The second area of concern for Thabet is the question of whether buyers are purchasing the appropriate levels of liability coverage. He points out that all venues are not the same, and having the right coverage is “critical. What could be a $1.5 million verdict in one venue could be $4 million in another.”
Thabet has also seen umbrella and excess liability verdict amounts increasing. It’s an issue that agents and brokers need to be on top of, he says. “Between the venue disparities and rising frequency and settlement amounts of excess liability litigations, it is extremely important that an agent assess the two in concert to provide the most comprehensive and informed guidance on purchasing high excess liability limit amounts.”
Despite the issues with the Millennium Tower project, Billhartz says the market has managed to put effective quality controls in place, which he says has kept pricing steady. “Contract quality control by the contractors has really improved over the last five to ten years, as opposed to fifteen years or so ago when there wasn’t much attention being paid to that,” he says.
Thabet, like Billhartz, says agencies and insurers have put drone and smart technologies in place to aid in project and claims risk management and response, which improves offsite monitoring and response. Another way technology is helping quell claims is through monitoring of employee movements. “Builders are also beginning to have employees wear smart wearable devices,” says Thabet. “These wearable devices provide valuable insights into biometric data that can prove helpful in predicting and preventing future claims.”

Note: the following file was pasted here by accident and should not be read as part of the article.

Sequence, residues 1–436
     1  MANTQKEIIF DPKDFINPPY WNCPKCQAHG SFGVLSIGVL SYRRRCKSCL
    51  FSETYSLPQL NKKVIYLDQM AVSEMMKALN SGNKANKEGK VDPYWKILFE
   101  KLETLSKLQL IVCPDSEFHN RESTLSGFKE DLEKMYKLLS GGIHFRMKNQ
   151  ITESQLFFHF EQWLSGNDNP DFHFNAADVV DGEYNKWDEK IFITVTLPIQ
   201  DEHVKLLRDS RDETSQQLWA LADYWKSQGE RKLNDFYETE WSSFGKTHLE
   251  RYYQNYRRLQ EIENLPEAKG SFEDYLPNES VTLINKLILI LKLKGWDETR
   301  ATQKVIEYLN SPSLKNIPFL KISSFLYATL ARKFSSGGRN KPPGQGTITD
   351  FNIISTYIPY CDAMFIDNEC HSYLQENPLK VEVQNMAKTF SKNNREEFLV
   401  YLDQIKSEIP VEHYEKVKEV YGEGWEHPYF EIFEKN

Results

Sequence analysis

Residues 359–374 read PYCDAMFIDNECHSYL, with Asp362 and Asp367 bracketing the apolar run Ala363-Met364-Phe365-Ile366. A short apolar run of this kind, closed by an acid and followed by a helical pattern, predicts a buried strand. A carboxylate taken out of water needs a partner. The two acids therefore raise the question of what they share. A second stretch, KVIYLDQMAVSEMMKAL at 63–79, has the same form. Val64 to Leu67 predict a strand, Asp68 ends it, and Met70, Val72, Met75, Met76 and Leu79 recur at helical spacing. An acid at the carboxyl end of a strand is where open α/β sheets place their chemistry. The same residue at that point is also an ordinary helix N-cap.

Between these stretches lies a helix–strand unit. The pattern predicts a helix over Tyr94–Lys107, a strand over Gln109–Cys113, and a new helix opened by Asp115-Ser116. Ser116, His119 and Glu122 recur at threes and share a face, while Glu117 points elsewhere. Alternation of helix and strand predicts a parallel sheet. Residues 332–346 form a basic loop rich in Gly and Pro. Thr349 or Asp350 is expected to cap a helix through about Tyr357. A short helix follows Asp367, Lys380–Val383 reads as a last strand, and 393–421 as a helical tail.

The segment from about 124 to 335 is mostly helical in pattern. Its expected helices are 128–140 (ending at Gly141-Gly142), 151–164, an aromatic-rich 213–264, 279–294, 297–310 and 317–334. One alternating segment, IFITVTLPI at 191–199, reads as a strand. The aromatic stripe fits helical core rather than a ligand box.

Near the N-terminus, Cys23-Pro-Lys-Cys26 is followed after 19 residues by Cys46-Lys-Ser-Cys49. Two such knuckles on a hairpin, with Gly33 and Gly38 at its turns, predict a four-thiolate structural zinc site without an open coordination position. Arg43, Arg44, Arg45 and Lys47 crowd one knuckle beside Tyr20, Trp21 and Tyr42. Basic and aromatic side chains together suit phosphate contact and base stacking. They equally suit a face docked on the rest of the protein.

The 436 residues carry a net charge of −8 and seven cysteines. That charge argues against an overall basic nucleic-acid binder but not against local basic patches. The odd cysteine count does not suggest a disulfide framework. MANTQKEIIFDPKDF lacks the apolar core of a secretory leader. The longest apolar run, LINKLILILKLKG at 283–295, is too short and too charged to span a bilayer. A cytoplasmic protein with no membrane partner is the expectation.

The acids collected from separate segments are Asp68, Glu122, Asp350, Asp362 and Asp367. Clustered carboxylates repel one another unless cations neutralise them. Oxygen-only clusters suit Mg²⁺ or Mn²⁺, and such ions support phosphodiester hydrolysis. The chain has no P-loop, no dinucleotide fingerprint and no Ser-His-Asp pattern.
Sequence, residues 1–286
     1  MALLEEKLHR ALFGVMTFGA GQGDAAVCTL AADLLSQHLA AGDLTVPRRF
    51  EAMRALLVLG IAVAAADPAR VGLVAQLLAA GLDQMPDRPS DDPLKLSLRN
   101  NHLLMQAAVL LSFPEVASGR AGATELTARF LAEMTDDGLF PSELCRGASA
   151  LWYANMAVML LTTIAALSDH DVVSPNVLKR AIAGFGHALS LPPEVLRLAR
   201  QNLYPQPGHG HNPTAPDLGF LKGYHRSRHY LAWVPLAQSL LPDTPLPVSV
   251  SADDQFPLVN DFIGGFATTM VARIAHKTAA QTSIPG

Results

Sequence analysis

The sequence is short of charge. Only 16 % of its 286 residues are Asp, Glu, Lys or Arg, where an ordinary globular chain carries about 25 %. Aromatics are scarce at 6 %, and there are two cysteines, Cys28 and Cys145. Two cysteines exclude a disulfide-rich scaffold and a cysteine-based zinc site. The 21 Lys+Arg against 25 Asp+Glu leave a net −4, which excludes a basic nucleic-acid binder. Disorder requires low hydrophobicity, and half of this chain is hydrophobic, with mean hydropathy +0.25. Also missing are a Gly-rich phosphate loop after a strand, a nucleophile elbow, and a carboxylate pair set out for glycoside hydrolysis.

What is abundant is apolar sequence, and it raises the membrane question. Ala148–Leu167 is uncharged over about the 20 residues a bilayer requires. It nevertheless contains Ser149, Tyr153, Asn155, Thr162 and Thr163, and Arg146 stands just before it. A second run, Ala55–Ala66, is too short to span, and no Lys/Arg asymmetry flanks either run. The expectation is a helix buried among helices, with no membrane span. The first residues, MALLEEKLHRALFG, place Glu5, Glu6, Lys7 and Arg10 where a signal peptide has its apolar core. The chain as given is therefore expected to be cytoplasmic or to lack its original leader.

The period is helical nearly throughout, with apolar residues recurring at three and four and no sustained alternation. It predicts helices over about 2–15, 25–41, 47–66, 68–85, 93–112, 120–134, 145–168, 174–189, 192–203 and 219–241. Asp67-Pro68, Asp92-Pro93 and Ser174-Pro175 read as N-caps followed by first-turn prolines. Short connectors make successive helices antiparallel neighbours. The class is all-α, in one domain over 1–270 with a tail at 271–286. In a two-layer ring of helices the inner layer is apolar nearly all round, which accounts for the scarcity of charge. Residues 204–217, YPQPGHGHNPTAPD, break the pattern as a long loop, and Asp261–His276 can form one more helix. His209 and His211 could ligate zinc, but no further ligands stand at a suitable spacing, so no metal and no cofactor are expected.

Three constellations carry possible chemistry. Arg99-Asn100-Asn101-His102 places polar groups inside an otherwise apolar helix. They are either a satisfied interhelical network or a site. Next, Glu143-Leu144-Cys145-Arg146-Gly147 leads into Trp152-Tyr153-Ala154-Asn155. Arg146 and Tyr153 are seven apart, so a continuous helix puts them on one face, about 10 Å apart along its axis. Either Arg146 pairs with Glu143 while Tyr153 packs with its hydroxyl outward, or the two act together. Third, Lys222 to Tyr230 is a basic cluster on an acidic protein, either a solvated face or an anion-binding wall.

Advice for agents and brokers
Agents and brokers can assist their clients in preventing those claims by becoming more informed about the risks within the construction industry, says Thabet. That, he says, can help in two ways. “The more informed they (agents and brokers) are, the more they can distinguish themselves from their competition by providing adequate insurance protection that keeps up with market trends. It also allows them to suggest new ways for their clients to protect themselves from the claims themselves (e.g., safety training programs).”
Roselle agrees, saying agents and brokers should be well-educated on the products they offer and ensure that their E&O programs have sufficient limits. He also suggests that agents and brokers “thoroughly review all of your clients’ needs for commercial and personal lines, even if certain coverages are not perceived to be necessary for that insured’s immediate situation.”
That means being proactive, says Billhartz. He says agents, brokers and insurers should be offering safety programs alongside coverage. Plus, be actively involved in the customer’s business. “Put more eyes and ears on the ground for construction clients. And reactively, after an incident, get as much information as possible on what’s going on. Stay involved on a regular basis and engage all the carriers, even if it’s potentially not their claim, just for their input.”
For more information:
SIS Insurance Services
Wrap Up Insurance Solutions
Lori Widmer is a Philadelphia-based writer and editor who specializes in insurance and risk management.